The prison gangs described in Chapter 8 provide a striking example of an embedded system enforcing its rules by illegal force. Not only are they doing things, such as assault and murder, that are illegal, they are doing them inside a prison, where one might expect enforcement of government law to be particularly effective. The earlier convict code was enforced by the threat of ostracism in a context where ostracism produced an increased vulnerability to violence.

Ostracism is a punishment that an embedded legal system can impose without violating the rules of the legal system it is embedded in. Another is excommunication, refusing to allow participation in religious rituals. Both are effective because of special characteristics of the subpopulation.

The effectiveness of the threat of ostracism depends on how easily the exiled Romani can function outside of his community. Gaje, non-Romani, do not know the marimé rules and so do not and cannot obey them. It follows that they are all polluted, unclean, carriers of a contagious spiritual disease and perhaps physical diseases as well, people with whom no Rom in his right mind would willingly choose to associate; when and if such association is unavoidable it must be taken with great care. The Romani view of gaje, reinforced by the gaje view of the Romani as uneducated and illiterate thieves and swindlers, eliminated the exit option and so empowered the kris to enforce Romani law by the threat of exclusion from the only tolerable human society. It was a particularly powerful threat in a culture where social interaction plays a very large role in individual life.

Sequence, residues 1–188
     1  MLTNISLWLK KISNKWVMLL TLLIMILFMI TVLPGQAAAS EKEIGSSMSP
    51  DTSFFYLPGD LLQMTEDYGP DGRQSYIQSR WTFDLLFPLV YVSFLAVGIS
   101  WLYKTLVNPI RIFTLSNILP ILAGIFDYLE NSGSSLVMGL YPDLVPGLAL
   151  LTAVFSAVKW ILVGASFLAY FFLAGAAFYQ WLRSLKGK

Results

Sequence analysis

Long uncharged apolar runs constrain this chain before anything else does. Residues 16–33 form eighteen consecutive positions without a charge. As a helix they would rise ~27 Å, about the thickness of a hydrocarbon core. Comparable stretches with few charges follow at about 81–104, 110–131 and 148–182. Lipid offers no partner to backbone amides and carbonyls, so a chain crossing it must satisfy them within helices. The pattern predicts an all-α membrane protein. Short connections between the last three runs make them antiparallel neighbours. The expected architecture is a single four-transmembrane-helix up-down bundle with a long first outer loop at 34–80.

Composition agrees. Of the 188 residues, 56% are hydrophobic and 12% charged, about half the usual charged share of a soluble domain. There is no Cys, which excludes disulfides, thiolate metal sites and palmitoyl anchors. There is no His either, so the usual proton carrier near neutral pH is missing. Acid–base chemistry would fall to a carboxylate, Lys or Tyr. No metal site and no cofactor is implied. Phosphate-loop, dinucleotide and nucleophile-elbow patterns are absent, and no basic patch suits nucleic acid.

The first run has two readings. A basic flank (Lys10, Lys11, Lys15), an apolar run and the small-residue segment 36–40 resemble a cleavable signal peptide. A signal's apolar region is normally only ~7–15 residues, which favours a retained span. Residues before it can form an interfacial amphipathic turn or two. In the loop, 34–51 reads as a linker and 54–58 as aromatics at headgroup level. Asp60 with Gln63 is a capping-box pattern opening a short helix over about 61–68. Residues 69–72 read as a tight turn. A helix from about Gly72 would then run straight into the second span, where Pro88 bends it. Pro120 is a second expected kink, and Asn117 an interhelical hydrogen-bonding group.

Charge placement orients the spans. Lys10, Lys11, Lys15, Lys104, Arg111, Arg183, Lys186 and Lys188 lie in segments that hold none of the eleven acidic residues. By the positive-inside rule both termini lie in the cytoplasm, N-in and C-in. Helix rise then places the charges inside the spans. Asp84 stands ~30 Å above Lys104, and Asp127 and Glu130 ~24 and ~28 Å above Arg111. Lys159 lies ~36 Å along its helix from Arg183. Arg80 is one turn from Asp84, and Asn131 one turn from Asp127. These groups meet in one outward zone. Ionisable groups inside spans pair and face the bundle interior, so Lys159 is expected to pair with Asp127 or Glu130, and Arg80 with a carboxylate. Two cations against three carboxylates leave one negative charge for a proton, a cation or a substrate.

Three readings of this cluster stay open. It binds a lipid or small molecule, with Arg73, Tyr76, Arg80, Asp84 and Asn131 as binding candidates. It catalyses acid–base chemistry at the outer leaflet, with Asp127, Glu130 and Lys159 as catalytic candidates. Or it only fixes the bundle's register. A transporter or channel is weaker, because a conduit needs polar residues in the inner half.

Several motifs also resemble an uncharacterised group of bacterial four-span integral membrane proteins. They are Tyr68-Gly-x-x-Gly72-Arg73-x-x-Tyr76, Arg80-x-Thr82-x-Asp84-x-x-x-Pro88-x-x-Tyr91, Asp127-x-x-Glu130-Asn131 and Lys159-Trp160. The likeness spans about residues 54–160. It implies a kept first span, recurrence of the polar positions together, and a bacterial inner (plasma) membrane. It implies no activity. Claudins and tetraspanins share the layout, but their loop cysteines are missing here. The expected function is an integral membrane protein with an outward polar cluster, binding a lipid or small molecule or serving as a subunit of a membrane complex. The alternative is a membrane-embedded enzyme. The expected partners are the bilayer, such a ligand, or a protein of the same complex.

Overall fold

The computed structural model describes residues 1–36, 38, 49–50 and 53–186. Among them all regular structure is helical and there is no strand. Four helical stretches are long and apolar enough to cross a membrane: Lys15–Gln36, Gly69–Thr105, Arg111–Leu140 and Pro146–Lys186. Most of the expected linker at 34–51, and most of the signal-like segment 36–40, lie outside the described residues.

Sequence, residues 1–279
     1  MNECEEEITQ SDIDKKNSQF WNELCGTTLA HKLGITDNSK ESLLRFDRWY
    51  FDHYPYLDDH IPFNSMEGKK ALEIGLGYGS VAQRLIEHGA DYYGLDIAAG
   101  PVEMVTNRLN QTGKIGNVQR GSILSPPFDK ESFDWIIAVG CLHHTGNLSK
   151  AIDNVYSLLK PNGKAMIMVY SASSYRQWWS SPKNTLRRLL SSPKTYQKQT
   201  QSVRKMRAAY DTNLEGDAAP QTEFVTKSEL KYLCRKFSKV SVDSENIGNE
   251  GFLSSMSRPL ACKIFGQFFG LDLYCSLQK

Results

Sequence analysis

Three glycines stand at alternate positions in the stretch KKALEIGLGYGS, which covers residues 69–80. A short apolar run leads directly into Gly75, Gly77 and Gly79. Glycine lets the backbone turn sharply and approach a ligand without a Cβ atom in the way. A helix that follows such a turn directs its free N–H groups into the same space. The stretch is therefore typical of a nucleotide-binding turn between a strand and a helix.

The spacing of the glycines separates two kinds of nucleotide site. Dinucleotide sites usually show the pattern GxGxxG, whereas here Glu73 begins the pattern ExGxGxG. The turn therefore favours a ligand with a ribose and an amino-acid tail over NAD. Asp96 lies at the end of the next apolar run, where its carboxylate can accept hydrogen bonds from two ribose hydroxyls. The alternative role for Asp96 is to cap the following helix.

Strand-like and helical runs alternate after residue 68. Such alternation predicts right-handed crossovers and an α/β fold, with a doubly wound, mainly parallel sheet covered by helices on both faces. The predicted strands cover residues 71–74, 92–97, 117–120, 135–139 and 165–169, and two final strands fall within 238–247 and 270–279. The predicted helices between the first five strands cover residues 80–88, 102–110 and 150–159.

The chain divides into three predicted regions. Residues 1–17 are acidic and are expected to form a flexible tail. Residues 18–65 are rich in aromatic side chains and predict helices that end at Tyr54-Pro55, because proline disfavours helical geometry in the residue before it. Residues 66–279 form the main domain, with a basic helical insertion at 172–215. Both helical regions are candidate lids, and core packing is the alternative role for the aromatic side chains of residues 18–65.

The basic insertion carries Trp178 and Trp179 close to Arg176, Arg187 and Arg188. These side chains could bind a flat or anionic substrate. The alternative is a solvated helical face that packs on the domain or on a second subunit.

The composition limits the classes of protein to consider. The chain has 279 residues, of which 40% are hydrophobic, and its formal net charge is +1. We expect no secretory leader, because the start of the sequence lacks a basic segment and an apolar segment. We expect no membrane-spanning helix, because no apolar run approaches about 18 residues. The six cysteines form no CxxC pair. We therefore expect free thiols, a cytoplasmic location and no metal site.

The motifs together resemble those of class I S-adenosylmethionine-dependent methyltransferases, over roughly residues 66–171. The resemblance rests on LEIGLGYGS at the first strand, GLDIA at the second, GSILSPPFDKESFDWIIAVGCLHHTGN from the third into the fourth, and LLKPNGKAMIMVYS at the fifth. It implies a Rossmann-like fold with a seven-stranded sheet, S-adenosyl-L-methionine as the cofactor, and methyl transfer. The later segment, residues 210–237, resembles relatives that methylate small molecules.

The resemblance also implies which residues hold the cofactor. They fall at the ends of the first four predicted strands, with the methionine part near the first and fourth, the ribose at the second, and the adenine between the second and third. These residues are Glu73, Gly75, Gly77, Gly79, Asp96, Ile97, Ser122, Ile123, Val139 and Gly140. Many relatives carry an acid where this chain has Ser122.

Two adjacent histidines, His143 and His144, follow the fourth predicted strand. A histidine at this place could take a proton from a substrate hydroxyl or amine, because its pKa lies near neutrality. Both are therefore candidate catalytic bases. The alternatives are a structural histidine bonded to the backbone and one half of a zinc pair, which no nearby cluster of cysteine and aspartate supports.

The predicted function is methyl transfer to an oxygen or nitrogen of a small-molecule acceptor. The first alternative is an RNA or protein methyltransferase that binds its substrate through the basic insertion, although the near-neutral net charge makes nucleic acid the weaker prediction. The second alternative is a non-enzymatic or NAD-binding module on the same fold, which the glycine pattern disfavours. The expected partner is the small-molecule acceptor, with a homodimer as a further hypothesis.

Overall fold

Part of the painfulness of being denied contact with one’s own people, whether to be in a jail, a hospital, or a job, is that of being alone. To be among a group of Rom is the natural everyday context within which a person lives, learns and expresses his personality; to be among a group of gaje is to be alone. Wherever he travels or lives, a Rom is rarely alone. More often he is surrounded by large numbers of relatives and friends.

The survival of the embedded system depends on maintaining its special characteristics. Both the Romani and the Amish have a history of trying to keep control over the education of their children, as described in earlier chapters. It seems clear that the main concern of the Amish parents was that high school education, or elementary education in a large school where the teachers and most of the students were not Amish, would weaken their children’s connection to their religion and culture. Similar issues were raised by the interaction of the Amish with the Selective Service system during and after WWII, and again solved.

Romani have also been reluctant to put their children into the ordinary school system. A school run by gaje will not follow Romani rules of purity. Children who spend a sizable part of their time taught by and interacting with outsiders may fail to be acculturated into their parents’ culture. Girls may have their reputations damaged by freely associating with boys past the age at which such association is acceptable in Romani culture.

The problem was not always insoluble: